Tuesday, September 23, 2014

My Year with Spurgeon #38

Men Chosen -- Fallen Angels Rejected
Charles Spurgeon
“Verily he took not on him the nature of angels; but he took on him the seed of Abraham.”—Hebrews 2:16.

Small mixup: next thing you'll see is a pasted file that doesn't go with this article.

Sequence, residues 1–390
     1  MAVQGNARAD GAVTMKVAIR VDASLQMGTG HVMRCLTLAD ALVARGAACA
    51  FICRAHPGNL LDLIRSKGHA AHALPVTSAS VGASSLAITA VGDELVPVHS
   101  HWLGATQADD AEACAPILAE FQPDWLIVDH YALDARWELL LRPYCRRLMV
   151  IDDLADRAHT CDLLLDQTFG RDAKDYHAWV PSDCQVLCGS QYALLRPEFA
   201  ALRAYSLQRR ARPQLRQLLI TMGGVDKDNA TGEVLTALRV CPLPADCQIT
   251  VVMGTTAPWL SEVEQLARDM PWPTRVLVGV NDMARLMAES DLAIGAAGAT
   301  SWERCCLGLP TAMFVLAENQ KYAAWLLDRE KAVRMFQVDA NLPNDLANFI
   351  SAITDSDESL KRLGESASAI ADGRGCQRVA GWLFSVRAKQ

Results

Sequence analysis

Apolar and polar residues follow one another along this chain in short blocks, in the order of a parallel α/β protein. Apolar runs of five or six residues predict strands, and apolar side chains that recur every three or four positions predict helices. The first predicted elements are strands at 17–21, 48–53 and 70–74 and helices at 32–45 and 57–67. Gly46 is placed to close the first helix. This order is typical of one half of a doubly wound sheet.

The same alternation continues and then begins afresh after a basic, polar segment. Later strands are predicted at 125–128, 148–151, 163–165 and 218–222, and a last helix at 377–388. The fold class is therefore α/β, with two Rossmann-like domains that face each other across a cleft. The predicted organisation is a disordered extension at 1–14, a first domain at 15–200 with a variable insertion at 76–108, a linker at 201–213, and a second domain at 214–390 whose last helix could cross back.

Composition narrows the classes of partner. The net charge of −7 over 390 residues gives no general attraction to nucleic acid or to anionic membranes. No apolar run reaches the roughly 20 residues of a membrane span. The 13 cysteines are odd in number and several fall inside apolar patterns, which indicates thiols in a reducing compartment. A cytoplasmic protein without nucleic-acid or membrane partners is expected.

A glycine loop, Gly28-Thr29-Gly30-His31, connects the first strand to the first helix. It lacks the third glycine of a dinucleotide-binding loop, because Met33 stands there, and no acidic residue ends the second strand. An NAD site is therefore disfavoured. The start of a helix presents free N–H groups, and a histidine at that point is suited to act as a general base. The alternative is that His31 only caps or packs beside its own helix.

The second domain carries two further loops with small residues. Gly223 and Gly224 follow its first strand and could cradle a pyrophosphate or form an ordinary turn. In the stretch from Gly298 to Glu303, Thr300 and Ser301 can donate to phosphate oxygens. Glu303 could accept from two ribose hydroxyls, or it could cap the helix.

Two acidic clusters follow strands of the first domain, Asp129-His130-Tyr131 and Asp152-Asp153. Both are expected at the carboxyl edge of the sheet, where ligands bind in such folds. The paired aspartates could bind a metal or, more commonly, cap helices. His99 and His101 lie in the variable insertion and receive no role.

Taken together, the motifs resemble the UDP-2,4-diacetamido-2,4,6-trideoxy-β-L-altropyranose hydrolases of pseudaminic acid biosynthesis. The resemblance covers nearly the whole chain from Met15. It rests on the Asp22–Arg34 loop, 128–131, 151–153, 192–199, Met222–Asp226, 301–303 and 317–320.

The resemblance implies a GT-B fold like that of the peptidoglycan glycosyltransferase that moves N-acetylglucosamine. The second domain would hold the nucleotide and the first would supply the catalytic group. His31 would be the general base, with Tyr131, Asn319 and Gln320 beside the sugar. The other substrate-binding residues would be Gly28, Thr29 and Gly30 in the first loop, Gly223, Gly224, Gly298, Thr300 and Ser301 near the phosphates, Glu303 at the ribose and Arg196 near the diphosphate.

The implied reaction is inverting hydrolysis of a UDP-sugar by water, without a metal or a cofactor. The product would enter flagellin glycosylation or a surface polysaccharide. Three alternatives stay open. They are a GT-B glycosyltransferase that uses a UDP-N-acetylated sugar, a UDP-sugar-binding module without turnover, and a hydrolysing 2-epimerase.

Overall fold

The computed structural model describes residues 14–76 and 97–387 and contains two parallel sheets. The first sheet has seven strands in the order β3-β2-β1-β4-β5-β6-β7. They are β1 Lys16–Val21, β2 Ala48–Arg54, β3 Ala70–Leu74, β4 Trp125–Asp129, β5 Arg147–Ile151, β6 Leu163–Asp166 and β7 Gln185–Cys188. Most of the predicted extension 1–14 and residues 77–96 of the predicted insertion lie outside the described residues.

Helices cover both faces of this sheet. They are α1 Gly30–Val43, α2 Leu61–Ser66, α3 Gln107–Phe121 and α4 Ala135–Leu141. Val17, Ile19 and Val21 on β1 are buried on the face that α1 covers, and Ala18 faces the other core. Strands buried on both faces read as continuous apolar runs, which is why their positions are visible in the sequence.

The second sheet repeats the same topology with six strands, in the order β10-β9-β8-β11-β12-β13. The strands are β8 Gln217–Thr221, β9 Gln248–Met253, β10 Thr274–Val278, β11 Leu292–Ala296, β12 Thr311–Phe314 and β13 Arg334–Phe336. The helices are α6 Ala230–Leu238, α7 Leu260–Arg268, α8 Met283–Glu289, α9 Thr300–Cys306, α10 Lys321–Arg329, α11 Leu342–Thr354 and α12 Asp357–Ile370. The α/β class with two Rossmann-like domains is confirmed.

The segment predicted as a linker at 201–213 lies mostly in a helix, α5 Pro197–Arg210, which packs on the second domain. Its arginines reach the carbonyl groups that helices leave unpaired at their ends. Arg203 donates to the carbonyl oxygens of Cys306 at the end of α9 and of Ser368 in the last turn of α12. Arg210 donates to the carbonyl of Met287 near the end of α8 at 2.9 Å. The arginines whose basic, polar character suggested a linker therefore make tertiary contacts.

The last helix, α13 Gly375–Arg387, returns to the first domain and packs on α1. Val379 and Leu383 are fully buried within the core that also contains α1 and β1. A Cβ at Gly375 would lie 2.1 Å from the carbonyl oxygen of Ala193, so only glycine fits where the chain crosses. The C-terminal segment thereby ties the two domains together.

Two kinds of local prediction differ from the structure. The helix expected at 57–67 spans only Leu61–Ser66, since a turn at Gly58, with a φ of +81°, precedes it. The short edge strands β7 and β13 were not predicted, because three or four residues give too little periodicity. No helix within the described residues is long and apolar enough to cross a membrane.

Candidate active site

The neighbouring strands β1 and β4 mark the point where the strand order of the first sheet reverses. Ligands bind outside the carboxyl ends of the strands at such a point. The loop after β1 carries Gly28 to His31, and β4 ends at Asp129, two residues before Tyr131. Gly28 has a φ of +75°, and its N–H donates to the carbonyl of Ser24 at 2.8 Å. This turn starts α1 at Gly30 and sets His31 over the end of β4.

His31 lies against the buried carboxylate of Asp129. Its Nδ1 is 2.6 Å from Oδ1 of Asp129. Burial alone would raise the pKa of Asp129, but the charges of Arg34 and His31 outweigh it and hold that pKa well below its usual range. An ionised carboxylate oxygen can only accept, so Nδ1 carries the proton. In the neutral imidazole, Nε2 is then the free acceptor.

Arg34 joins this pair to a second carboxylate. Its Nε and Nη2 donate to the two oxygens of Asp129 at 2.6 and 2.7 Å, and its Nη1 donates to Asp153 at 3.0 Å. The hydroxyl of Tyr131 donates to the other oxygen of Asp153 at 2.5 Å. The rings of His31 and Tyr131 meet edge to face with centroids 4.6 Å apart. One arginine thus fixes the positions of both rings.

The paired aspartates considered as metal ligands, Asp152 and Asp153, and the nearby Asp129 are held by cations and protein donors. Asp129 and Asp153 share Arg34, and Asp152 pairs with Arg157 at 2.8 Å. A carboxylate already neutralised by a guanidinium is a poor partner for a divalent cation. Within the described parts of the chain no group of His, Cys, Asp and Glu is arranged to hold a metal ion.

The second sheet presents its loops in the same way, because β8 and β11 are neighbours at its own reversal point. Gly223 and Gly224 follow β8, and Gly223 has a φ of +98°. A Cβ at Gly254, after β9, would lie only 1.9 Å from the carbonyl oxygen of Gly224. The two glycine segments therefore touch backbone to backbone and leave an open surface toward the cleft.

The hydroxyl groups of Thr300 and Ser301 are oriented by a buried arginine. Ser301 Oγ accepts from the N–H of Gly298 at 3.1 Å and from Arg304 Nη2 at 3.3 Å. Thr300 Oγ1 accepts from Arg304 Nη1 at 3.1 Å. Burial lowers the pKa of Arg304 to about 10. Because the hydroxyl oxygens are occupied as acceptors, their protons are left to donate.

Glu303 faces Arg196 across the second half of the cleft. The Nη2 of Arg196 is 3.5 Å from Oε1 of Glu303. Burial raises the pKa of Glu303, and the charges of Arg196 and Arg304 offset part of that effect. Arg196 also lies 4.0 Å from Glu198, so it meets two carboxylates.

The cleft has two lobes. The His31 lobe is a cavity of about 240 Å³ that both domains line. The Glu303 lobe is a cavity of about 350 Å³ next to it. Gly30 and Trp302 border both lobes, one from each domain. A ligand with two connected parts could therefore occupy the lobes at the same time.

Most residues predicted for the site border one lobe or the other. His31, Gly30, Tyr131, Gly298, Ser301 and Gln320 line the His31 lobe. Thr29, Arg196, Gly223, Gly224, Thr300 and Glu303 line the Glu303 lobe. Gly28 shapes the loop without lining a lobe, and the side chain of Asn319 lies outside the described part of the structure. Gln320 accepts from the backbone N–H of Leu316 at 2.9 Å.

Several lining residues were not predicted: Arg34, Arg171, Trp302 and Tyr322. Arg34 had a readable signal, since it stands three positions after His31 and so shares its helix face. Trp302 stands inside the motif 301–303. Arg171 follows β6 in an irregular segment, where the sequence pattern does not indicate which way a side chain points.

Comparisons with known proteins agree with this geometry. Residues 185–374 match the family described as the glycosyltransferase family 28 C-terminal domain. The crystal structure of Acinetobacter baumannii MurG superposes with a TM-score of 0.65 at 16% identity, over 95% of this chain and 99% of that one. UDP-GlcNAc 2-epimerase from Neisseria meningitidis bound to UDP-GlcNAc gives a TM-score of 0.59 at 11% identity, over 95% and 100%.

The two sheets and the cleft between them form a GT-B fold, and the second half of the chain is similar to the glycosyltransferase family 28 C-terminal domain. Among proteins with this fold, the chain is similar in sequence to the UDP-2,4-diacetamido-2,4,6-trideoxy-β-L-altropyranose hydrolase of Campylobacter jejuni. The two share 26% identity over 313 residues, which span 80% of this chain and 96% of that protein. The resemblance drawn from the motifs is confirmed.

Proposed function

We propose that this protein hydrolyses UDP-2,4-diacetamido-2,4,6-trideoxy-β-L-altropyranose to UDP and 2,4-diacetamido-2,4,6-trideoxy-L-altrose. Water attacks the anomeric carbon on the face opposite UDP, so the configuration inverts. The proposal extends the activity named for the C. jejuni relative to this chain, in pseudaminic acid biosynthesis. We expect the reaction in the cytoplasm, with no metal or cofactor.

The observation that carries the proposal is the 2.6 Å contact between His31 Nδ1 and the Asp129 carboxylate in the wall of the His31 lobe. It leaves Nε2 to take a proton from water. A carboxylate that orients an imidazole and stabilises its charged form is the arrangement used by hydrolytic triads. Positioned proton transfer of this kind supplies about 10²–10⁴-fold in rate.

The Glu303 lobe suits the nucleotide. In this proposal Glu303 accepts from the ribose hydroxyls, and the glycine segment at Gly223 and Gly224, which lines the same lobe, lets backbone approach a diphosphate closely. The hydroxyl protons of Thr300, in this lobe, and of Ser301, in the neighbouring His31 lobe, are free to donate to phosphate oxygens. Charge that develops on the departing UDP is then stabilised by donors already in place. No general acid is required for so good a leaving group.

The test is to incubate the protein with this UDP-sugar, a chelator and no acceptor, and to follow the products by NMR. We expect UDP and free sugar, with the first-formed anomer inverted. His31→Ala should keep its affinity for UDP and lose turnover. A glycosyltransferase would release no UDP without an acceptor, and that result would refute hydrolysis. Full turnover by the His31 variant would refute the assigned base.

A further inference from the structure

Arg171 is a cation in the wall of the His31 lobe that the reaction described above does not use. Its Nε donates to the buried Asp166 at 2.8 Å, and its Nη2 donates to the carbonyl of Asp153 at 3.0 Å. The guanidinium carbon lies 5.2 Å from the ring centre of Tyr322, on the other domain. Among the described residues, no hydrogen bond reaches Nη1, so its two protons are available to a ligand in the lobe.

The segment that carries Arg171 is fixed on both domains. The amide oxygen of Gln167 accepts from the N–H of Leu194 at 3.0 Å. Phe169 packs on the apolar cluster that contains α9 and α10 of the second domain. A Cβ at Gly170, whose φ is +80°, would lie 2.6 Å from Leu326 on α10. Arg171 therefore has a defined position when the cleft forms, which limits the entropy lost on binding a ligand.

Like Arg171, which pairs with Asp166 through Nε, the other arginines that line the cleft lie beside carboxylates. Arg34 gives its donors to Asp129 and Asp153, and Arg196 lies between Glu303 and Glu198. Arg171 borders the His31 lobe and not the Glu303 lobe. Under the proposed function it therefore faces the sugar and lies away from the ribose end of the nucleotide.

But now we wish to draw your attention to two instances of God’s doing as he pleases in the fashioning of the works of his hands—the case of angels, and in the case of men. Angels were the elder born. God created them, and it pleased him to give unto them a free will to do as they pleased; to choose the good or to prefer the evil, even as he did to man: he gave them this stipulation—that if they should prefer the good, then their station in heaven should be for ever fixed and firm; but if they sinned, they should be punished for their guilt, and cast out from the presence of his glory into flames of fire. In an evil hour, Satan, one of the chiefs of the angels, rebelled; he tempted others, and he led astray a part of the stars of heaven. God, in his divine vengeance, smote those rebel angels, drove them from their heavenly seats, banished them from their abodes of happiness and glory, and sent them down to dwell for ever in the abyss of hell; the rest he confirmed, calling them the elect angels; he made their thrones eternally secure, and gave them an entail of those crowns which, sustained by his grace, they had preserved by the rectitude of their holy conduct. After that it pleased him to make another race of beings, called men. He did not make them all at once; he made but two of them, Adam and Eve, and he committed to their keeping the safety of their entire progeny throughout all generations; he said to Adam, as he had said to the angels, “I give unto thee free-will; thou mayest obey or disobey, as thou pleasest. There is my law; thou art not to touch yon tree. The command is by no means irksome. To keep that command will not be difficult to thee, for I have given thee free-will to choose the good.” However, so it happened, much to the misery of man, that Adam broke the covenant of works; he touched the accursed fruit, and in that day he fell. Ah! what a fall was there! Then you, and I, and all of us fell down, while cursed sin did triumph over us; there were no men that stood; there were some angels that stood, but no men, for the fall of Adam was the fall of our entire race. After one portion of the angels had fallen, it pleased God to stamp their doom, and make it fast and firm; but when man had fallen, it did not so please God; he had threatened to punish him, but in his infinite mercy he selected the major portion of the human race, whom he made the objects of his special affection, for whom he provided a precious remedy, to whom he covenanted salvation, and secured it by the blood of his everlasting Son. These are the persons whom we call the elect; and those whom he has left to perish, perish on account of their own sins, most justly, to the praise of his glorious justice. Now, here you notice divine sovereignty; sovereignty, that God chose to put both men and angels on the footing of their free-will; sovereignty, in that he chose to punish all the fallen angels with utter destruction; sovereignty, in that he chose to reprieve the whole human race, and to grant an eternal pardon to a number, whom no man can number, selected out of men, who shall infallibly be found before his right hand above. My text mentions this great fact, for when properly translated it reads thus:—“He took not up angels, but he took on him the seed of Abraham.” As this text has two translations, I shall give you the two meanings as briefly as I can.